On-Screen Text Download PDF
The set of screenshots below is from an enrollment application project. My role as tech writer on the project was to create the on-screen text and manage the form layouts.
When creating on-screen text for applications, I aim for being concise but complete. To support the explanations, I utilize field labels along with form titles and subtitles to aid the user in understanding what the text is saying to do. At times, I also use background highlighting, bordered areas, and font variations to add visual cues.
In order to achieve this, I work closely with the UI/UX application designer, the solution architect, and the developers to understand the application and have them incorporate elements I need. For the enrollment application project, they wrote an internal CMS for the application that enabled me to build and modify the forms while staying within their standards and guidelines.
application welcome and instructions
For the Dashboard that enrollees see first upon entry to the application, I welcome them with instructions on how to proceed using the three main operations in caps to provide additional visual cues.
external link and warning
Providers must indicate whether they are required to have a compliance program by consulting an external website. I direct them to the site using an icon similar to the external link icon used in Wikipedia for familiarity. The highlighted warning at the top informs enrollees of potential financial risks if they jump ahead of the enrollment process.
multiple repeating entries
Some providers render services at multiple locations which need to be entered in the enrollment system. In order to scale the form to handle providers with different numbers of locations, the Add function allows providers to enter their additional locations and tag them with a unique identifier that they specify for ease of identification. I conveyed this in three sentences in concert with the form description and field labels.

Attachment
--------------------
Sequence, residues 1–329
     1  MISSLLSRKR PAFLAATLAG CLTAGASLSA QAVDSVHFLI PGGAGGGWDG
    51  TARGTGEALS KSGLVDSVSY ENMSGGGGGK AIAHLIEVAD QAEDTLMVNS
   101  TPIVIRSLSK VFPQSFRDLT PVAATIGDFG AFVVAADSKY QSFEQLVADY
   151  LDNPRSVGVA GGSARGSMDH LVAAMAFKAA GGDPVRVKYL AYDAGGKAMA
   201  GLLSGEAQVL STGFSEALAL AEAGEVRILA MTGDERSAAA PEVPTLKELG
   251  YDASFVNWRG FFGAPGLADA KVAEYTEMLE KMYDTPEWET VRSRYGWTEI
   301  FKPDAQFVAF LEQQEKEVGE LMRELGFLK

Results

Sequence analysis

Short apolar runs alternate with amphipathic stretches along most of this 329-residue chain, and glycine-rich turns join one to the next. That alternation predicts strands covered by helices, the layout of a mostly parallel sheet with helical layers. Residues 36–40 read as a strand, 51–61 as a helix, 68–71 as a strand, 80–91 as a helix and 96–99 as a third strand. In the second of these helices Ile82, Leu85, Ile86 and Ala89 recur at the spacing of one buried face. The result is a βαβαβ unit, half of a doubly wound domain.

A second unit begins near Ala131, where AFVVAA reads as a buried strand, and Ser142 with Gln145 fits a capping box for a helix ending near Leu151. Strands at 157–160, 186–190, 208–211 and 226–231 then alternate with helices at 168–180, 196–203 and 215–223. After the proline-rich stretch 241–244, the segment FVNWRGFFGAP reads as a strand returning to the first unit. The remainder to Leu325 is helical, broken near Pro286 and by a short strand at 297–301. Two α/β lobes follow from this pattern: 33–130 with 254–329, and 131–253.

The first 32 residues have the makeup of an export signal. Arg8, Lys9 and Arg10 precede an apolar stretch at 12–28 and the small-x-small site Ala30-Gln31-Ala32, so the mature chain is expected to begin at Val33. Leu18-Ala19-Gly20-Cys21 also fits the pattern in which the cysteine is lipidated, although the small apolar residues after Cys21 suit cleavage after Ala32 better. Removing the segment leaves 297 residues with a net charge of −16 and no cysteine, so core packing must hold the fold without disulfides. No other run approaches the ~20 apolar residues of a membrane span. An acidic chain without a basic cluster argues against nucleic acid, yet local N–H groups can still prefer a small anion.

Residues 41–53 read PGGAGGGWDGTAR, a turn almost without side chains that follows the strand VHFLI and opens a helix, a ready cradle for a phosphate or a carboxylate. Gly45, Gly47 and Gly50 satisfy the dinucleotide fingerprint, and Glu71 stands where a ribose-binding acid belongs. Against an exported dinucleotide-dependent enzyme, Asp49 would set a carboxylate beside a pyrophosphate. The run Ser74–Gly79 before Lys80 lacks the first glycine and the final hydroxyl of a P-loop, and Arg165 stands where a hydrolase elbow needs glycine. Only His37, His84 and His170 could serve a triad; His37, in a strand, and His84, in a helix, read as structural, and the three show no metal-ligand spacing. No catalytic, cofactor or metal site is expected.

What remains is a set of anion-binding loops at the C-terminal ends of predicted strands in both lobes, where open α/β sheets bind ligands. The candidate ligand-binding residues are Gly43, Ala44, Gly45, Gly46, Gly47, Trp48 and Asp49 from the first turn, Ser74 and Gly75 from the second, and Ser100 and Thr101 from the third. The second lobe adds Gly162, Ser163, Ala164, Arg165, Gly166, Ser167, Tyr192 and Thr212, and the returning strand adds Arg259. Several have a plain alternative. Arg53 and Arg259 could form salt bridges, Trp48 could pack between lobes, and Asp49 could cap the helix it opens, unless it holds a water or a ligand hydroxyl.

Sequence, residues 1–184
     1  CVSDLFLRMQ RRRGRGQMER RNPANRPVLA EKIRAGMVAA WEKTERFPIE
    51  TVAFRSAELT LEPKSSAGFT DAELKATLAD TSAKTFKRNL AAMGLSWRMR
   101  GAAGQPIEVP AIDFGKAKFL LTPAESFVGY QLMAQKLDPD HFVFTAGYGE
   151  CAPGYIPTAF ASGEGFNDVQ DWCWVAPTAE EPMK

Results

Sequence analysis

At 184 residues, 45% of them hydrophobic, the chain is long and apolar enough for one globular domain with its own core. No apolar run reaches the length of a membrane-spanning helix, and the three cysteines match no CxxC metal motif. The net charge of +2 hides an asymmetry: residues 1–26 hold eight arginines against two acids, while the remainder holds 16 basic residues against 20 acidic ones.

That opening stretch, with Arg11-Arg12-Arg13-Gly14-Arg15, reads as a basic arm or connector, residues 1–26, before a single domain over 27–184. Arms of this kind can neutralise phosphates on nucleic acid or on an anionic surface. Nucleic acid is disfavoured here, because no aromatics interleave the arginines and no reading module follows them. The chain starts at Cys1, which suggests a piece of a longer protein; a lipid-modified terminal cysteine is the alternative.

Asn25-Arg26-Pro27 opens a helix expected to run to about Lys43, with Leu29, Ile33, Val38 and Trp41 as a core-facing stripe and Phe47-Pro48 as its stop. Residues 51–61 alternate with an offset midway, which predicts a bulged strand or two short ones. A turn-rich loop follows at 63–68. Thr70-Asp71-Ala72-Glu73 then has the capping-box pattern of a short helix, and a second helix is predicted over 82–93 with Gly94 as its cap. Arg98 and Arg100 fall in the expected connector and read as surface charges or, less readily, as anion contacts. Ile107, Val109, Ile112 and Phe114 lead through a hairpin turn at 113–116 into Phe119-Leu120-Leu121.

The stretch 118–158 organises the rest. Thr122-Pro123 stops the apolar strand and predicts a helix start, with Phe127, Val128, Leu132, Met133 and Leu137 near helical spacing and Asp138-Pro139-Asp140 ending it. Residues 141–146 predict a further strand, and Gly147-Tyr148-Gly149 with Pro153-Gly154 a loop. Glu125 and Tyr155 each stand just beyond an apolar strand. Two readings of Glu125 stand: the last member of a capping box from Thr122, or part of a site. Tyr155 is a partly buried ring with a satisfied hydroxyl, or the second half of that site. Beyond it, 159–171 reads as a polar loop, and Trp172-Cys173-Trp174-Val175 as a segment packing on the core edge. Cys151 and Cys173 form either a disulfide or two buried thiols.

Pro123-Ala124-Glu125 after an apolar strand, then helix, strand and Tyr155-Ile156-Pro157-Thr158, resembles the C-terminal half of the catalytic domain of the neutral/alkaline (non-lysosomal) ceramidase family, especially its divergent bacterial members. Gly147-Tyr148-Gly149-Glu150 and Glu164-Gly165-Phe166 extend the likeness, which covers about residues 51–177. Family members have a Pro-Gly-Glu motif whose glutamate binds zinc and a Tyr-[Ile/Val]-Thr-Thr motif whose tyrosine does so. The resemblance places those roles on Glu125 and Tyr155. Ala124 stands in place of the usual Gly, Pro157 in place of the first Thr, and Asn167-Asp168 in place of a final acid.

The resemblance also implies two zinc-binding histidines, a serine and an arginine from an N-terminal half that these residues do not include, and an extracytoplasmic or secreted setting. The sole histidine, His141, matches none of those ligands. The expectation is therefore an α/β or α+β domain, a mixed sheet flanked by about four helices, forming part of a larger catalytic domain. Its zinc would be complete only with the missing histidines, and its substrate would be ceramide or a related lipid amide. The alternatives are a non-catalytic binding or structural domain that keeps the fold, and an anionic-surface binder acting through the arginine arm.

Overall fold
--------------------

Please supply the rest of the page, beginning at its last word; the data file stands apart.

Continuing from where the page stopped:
Not all providers pay an application fee and only the ones that do see this form. They may also apply for a waiver due to certain conditions and not pay the fee. I make sure that it is clear how to make out the check and where to send it, and make equally clear the circumstances for applying for a waiver. Also, I reversed the order of instructions for Yes and No on paying the fee by having No first for additional emphasis.
Providers must upload one or more documents. I tell them how to get the documents from their system to the application, and how to work with them once they are uploaded. In addition, I used a larger font offset in a bounded area to clearly list the allowable document types.